Fruit & Vegetables: Increase Your Intake
Increasing your intake of fruit and vegetables to 10 servings a day could cut your risk of heart attack, stroke, and all types of cancer. It might even reduce the chances of dying prematurely. Researchers at Imperial College London analyzed data on approximately two million people worldwide including the cases of thousands of individuals with heart disease, stroke, cancer and early deaths. They concluded that eating 10 portions of fruits and vegetables daily could cut the risk of heart disease by 24 percent, the risk of stroke by 33 percent, all types of cancer by 13 percent and chances of dying prematurely by 31 percent compared to people who don’t eat any fruits and vegetables. One serving is equivalent to one small banana, apple, pear or large mandarin or three heaping tablespoons of cooked spinach, peas, broccoli or cauliflower. They reported that apples, pears, citrus fruits, salads and leafy green vegetables such as spinach and cruciferous vegetables such as broccoli, cabbage and cauliflower may help prevent heart disease, stroke, cardiovascular disease and early death and that the best ones for reducing cancer risk are green vegetables, such as spinach or green beans, yellow vegetables, such as peppers and carrots, and cruciferous vegetables.
My take? The 10 servings of fruits and vegetables a day recommended in this study may seem like a lot but come very close to the amounts called for in my anti-inflammatory diet: four to five servings of vegetables a day plus three to four servings of fruits. I hope the new British findings linking fruit and vegetable consumption to specific reductions in heart disease, stroke, cancer and premature death have some positive impact on dietary habits. The researchers note that most people in the UK don’t come close to meeting the currently recommended five servings per day of fruits and vegetables. And according to the U.S. Centers for Disease Control and Prevention three quarters of Americans don’t get the recommended 1.5 to 2 cups of fruit daily and 87 percent don’t consume two to three cups of vegetables. As this investigation illustrates, more is much better. And below you’ll find what else eating more fruits and vegetables can mean.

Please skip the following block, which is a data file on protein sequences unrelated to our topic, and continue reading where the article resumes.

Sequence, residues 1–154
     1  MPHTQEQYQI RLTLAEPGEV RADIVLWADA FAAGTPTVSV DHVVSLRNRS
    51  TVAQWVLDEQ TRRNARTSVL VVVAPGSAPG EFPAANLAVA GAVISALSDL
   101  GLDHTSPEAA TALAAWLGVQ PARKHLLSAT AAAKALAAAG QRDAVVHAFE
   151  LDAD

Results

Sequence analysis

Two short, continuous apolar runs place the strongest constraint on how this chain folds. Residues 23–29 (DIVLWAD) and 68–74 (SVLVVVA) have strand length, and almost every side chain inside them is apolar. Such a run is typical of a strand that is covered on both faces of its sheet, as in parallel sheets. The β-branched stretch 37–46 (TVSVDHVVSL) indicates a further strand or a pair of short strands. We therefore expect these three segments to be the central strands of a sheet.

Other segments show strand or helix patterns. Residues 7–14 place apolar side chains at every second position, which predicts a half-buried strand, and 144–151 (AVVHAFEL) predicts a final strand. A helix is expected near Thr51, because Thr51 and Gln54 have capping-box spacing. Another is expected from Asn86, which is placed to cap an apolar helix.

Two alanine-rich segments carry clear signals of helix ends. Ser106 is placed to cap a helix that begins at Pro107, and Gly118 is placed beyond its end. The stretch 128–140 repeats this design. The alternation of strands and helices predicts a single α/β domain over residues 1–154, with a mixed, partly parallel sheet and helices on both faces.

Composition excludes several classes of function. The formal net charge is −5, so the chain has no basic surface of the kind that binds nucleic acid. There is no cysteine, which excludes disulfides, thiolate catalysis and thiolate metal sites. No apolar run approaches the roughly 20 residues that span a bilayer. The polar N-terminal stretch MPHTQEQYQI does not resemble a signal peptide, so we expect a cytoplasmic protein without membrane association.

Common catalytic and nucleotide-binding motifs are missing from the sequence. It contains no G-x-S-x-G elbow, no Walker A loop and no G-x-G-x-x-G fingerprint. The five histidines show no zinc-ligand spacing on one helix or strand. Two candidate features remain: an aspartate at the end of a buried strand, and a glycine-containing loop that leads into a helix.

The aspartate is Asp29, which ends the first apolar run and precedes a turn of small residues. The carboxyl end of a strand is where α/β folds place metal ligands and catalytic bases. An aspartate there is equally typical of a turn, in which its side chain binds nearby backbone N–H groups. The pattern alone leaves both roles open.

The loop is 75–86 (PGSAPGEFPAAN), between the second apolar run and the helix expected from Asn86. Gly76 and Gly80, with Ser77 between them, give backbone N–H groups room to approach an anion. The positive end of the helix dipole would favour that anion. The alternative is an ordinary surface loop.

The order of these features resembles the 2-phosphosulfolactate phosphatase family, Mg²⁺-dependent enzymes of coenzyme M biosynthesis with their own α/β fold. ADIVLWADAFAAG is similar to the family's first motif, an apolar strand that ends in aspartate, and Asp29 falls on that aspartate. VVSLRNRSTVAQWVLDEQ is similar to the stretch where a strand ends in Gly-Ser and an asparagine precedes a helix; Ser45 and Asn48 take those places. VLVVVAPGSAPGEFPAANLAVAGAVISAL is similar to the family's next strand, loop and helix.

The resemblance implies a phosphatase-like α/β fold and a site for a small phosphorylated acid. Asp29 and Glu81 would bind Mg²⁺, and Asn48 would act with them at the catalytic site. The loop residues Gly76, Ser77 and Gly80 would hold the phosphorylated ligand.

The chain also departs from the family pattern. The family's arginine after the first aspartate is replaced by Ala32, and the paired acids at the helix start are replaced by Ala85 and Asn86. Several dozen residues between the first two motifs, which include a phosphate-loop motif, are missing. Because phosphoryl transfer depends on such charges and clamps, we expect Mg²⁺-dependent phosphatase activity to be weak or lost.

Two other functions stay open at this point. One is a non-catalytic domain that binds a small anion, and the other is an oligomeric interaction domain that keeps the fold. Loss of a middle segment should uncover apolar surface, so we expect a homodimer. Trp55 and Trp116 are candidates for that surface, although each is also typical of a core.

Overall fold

Dagfinn Aune et al, “Fruit and vegetable intake and the risk of cardiovascular disease, total cancer and all-cause mortality-a systematic review and dose response meta-analysis of prospective studies.” International Journal of Epidemiology, February 22, 2017, doi.org/10.1093/ije/dyw319
Also in this week’s bulletin:
Interested in expanding your knowledge on the latest in nutrition, healthful living and integrative medicine from internationally recognized experts including Andrew Weil, M.D., Donald Abrams, M.D., Victoria Maizes, M.D., Clint Woods, and more? Learn more about the 14th annual Nutrition Conference, Nutrition & Health: State of the Science and Clinical Applications, held May 1-3, 2017, at the Arizona Biltmore Hotel in Phoenix, Arizona.